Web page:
The heyday of the "new type" shikumen was in the 1920s. From the 1930s they were replaced by newer building types, including newer types of lilong residences, as well as larger modern apartment buildings, before the civil war and the Second Sino-Japanese War completely disrupted the property market in Shanghai.
Admission Fee: Free
Best time to visit: Spring,Autumn
Duration：6 - 8 hours
Attractions(Cities)：Yuyuan Garden, The Bund, Nanjing Road, Jade Buddha Temple, Old French Concession
Tour Style：Incredible Shanghai Highlights Day Tour is a fully guided tour for those who have just one day to see the best of Shanghai. Make the most of your time with your knowledgeable Shanghai Private Tour guide, see all top Shanghai attractions. With complete flexibility, follow this itinerary or create your own for a unique Shanghai experience. You'll get an insight into the city's culture, history, local lifestyle and future.
Duration：6 - 8 Hours
Attractions(Cities)：Yuyuan Garden & Bazaar, Jade Buddha Temple, Former French Concession, Boat cruise on the Huangpu River, Pudong New Area（Shanghai Oriental TV Tower, OPTIONAL）
Tour Style：If you only have one day in Shanghai, we highly recommend this one day tour in shanghai. This fully customizable tour particularly designed for first-time travelers to Shanghai touring traditional gardens, bustling shopping streets, historic buildings, and even to the top of a skyscraper with your knowledgeable guide. It will let you get an insight into its people, culture, history and the dynamic urban life.
Attractions(Cities)：The Bund, Boat Cruise on Huangpu River, Yuyuan Bazaar, Xintiandi
Tour Style：A Huangpu River Cruise has become a must activity when travelers visit Shanghai. Book this private city tour visiting the Bund in the night which represents the blending of ancient and modern influences, taking the Huangpu River Cruise to enjoy the stunning light view and the amazing architecture of the city. It's the best way to admire Shanghai's classic skyline view.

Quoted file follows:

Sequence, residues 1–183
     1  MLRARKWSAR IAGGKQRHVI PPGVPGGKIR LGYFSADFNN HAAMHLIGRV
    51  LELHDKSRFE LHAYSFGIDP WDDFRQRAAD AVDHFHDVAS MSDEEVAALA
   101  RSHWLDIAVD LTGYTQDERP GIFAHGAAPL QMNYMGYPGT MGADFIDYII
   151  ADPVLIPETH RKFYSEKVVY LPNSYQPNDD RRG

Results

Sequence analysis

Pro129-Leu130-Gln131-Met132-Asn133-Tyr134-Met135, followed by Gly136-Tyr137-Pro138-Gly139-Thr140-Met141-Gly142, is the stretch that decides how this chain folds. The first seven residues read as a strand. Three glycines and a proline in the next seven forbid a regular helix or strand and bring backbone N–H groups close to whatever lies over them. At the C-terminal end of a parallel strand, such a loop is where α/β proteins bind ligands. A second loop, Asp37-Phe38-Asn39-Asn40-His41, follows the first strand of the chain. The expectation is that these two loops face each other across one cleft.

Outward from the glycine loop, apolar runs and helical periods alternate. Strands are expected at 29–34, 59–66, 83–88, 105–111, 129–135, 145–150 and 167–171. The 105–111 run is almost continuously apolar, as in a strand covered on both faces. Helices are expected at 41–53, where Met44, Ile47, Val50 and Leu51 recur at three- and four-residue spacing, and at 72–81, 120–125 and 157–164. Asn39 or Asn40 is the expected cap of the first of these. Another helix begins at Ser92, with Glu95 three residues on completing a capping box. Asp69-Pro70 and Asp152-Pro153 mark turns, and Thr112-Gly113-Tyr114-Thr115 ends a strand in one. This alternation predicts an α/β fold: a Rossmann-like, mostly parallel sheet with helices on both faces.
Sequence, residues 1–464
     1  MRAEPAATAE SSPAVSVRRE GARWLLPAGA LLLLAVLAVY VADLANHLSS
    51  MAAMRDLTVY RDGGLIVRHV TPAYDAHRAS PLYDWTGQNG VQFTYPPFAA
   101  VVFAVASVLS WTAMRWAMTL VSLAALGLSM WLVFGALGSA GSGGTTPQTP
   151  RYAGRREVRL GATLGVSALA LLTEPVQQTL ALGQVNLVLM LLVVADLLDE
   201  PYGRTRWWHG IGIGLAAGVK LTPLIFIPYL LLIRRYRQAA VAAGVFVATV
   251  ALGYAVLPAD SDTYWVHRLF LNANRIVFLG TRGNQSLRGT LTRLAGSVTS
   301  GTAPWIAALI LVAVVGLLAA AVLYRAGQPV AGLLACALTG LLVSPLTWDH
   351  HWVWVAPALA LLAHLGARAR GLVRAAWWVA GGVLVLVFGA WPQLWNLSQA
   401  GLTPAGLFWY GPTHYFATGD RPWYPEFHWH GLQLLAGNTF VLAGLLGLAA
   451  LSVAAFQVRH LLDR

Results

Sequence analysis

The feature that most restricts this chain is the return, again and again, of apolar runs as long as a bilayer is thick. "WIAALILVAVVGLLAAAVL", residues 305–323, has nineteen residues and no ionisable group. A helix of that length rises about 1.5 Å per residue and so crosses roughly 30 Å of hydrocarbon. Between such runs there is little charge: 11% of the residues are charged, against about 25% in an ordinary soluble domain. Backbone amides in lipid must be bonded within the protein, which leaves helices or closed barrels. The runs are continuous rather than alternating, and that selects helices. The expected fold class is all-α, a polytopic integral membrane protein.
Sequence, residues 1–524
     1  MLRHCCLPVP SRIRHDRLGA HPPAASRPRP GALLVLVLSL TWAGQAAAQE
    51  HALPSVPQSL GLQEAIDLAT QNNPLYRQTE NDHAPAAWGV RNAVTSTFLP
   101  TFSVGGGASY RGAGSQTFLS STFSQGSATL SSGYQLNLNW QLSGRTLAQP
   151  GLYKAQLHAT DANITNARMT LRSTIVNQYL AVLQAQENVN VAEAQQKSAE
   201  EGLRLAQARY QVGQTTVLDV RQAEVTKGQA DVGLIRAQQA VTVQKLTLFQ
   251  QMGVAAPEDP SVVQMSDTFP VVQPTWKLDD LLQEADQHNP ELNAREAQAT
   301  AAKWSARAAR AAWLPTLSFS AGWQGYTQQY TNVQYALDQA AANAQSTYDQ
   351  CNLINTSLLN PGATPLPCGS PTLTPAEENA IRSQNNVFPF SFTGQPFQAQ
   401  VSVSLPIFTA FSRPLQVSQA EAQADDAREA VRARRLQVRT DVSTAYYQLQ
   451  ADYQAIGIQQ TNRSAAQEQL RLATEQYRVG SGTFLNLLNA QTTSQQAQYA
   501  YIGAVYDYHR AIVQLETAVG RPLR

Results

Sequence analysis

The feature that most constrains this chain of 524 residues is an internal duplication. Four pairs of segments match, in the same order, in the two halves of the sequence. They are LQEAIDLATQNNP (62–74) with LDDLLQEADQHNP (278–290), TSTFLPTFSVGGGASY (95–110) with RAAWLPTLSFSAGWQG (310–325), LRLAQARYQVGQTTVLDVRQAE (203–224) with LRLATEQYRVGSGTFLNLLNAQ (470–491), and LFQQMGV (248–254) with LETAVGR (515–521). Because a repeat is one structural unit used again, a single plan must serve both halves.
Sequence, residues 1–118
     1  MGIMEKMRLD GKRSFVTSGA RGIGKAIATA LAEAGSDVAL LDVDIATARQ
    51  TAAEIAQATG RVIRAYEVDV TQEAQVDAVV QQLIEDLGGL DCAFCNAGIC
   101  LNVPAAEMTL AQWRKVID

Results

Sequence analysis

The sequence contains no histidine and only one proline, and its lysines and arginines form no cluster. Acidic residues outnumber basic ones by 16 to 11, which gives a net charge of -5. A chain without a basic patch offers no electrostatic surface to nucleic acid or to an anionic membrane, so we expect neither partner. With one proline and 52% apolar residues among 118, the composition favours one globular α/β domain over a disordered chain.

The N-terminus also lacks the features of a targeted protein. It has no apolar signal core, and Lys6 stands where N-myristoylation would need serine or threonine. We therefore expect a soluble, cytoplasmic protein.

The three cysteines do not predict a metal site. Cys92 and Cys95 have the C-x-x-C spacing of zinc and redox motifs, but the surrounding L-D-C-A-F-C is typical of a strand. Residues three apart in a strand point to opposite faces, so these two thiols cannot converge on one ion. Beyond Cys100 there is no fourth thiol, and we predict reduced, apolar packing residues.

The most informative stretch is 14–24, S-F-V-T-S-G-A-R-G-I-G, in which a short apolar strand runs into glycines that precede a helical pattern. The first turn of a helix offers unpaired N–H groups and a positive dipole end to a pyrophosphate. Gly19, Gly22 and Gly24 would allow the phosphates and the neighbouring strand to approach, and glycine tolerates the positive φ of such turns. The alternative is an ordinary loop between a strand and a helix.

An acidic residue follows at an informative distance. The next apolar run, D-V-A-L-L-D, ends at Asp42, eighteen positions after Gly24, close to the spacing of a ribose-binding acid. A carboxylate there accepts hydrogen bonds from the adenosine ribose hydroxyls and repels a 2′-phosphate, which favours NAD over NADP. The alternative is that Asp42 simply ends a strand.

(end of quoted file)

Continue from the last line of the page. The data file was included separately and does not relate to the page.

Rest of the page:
Duration：4 - 5 hours
Attractions(Cities)：Pick two or three attractions as you are interested
Tour Style：Want to see the top sights in Shanghai with a professional private tour guide? Then go on this half day Shanghai city tour that puts the power in your hands to decide what attractions you visit. Avoid lengthy itineraries of places that don't interest you. You can customized the tour entirely on your preferences and discuss with your guide for advice. Flexible on the start and finish time.
Attractions(Cities)：Lingering Garden, Panmen Gate, Hanshan Temple, Pingjiang Historic Street, Suzhou No.1 Silk Factory
Tour Style：Book this Shanghai to Suzhou Day Trip riding on a bullet less than 30 minutes, accompanied by your private guide, visit the winding canals, historical buildings, ancient street, classic Chinese gardens and much more on this private customized day tour to Suzhou. We will book the entrance tickets in advance to escape the crowds, let you jump the queue to make your trip comfortable and enjoyable.
Certificate of Excellence
China Private Tours-Day Tour
(Your Privacy is Protected)
1 to 1 tailor-made service from our professional travel advisors for the most sophisticated
Constantly excellent reviews for attraction, hotel and service Competitive price
Local experts provide quality tours Best selected knowledgeable local guides Authentic local restaurants
7*24 hours available to create you a worry-free tour. No Hidden Fees and absolutely no pressure to buy. Secured